What’s your earliest memory? How far back can we really remember? And how accurate are the events we recall? In his book ‘Remembering our childhood: how memory betrays us’ (Oxford University Press, 2009) Karl Sabbagh, in an attempt to answer these questions, discusses, and refutes the claims of the ‘recovered memory’ movement, a psychotherapy movement that during the eighties and nineties was in the midst of several controversies. In doing this he lays bare the history of psychotherapy, and its most widespread methodologies while discussing and analyzing some of their outcomes.
According to one of its Oxford English Dictionary (OED)’s definitions, memory is “the faculty by which things are remembered; the capacity for retaining, perpetuating, or reviving the thought of things past”. Therefore, what we call memory is a series of intermingled dynamic processes where information travels in multiple directions. When a stimulus reaches a sensory register it sets up a chain reaction in which information can travel among different ‘compartments’ where it can be stored or else, forgotten.
And as such, memory is not homogeneous, and more than one type of memory can be distinguished. Madeline Eacott a psychologist who works on mechanisms of long-term memory, has been studying the differences between two types of memory – semantic and episodic: (1) episodic memory is what makes up the bulk of people’s early memories – specific places, people, and events; (2) semantic memory concerns memory for words and concepts and general knowledge about the world.
It is accepted that there is an inflexion point in memory development at the age of two. Two hypotheses try to explain why this is so: (1) one is that the brain is still developing and the proper functions of the nervous system for acquiring and retaining memories are not in place; (2) the other is that we are very limited in what we can store and recall until the age at which we develop language: “(…) language would help in some way to ‘fix’ a memory in the brain, so that if you can describe something in words you can remember it better than just storing separate images and sounds, (…)”. Therefore, as mentioned by the psychologist David Pillemer “deliberate attempts to recall an early childhood event years later may fail because the imagistic of childlike memory is incompatible with the adult’s purposeful reconstructive efforts”.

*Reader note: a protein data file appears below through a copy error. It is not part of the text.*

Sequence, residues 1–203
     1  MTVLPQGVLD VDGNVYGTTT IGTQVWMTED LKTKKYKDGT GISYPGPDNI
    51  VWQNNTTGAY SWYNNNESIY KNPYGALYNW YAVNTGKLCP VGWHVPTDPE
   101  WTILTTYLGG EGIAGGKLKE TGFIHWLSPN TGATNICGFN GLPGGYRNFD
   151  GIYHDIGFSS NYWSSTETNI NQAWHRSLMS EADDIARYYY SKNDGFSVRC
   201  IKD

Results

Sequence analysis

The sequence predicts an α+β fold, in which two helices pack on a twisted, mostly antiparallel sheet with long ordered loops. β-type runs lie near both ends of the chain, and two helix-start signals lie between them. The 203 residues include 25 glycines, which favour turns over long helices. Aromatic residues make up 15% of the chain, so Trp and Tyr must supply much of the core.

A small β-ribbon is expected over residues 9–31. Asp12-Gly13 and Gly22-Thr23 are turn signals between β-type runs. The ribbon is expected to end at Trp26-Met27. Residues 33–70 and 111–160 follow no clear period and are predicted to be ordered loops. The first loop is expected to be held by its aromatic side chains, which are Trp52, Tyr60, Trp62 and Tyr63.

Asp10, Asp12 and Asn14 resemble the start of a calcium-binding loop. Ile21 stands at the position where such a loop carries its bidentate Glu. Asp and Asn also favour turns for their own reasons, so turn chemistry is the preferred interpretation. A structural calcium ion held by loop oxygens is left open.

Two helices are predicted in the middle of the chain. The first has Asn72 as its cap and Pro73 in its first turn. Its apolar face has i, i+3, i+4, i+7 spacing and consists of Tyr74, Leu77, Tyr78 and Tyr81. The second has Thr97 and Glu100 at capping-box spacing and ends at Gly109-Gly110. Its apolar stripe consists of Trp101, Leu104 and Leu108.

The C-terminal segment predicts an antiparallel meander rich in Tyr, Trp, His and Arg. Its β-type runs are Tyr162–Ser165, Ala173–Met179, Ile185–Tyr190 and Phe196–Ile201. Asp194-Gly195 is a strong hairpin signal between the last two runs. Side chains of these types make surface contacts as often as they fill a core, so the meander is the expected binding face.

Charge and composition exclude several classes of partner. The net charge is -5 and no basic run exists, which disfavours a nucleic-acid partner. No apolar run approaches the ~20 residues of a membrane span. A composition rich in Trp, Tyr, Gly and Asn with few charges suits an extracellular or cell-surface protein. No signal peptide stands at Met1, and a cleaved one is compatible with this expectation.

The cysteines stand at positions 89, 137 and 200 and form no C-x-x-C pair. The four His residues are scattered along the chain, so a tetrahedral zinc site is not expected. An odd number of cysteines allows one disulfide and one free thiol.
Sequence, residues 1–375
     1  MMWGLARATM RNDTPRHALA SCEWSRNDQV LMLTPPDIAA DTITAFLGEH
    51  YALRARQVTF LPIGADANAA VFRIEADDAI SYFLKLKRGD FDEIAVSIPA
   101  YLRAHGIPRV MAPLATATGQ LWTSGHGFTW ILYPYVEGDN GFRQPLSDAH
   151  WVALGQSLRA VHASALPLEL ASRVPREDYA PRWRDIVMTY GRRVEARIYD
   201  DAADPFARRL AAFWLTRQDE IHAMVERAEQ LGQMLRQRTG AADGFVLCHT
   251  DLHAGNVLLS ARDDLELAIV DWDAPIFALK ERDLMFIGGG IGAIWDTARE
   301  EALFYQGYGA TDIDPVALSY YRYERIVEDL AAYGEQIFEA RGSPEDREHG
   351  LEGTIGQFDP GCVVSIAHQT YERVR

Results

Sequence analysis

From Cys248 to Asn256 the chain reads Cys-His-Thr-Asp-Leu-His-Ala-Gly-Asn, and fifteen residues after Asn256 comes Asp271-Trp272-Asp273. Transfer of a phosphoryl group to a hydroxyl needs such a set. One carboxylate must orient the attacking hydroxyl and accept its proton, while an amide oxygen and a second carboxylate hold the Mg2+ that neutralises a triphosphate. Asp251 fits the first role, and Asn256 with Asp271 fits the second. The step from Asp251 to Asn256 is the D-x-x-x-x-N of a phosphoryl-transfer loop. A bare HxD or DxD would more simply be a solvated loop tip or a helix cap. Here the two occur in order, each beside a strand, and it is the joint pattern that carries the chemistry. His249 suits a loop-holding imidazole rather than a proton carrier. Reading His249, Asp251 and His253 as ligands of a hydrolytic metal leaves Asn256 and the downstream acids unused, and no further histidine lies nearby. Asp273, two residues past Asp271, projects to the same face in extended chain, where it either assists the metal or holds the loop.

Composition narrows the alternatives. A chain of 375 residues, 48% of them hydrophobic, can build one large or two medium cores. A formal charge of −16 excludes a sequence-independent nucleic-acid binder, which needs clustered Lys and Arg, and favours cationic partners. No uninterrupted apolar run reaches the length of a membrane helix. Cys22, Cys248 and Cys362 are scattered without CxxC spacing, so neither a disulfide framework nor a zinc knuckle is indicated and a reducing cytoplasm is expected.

There can be several reasons: medical, legal, criminal… that might bring somebody to attempt to recover memories of past lived events. However, being a dynamic process, memories are continually influenced by a multitude of factors, especially those ones somebody recalls of a particular event; among these factors we find the level of stress to which the individual attempting to remember was subjected at the time of the event’s occurrence:
Within this context, it is very interesting the concept of the ‘seductive detail’: a specific happenstance, which although not particularly significant, just by being interesting, might be conducive to recall certain facts but not others. It is for this reason that psychologists point out that, in therapy or while conducting surveys, “communicators should choose their words very carefully, because the minor details that a communicator reports might be as influential as information that has genuine significant value”. Therefore, (…) leading questions could contaminate or distort a witness’s memory, (…), and likewise have the potential for the establishment of false memories that could, or could not, be enhanced by the power of imagination.
False memories “are more than merely incomplete, inaccurate, or imprecise memories. (…) False memories are for things that didn’t happen at all, and may have been created or planted in some way”. The power of imagination refers to the fact that if somebody actually believes has experienced something that person is going to show physiology consistent with that belief; (…) people have all sorts of reasons for believing strongly in events from their past, many of which have nothing to do with whether the events happened or not.
Additionally we have to be aware that people from different cultures are bound to have different perceptions of the world around them, being those particularly apparent in autobiographical accounts. Especially striking, although by no means unexpected, are those ones present among eastern and western populations: Asian cultures place great emphasis on (1) social relations and (2) moral rectitude, while western cultures focus on (1) positioning of individual roles, (2) individual preferences, and (3) individual feelings.
All in all, we can assert that “memory is fallible and the longer ago a memory refers to, the more likely it is that errors will creep in”. At the end, “it seems (…) the ability to remember accurately anything about our personal past can sometimes be no greater than chance”.
Loftus, E.F. 1980. Memory: surprising new insights into how we remember and why we forget. Addison-Wesley Pub. Co., Reading, Mass., xv, 207pp.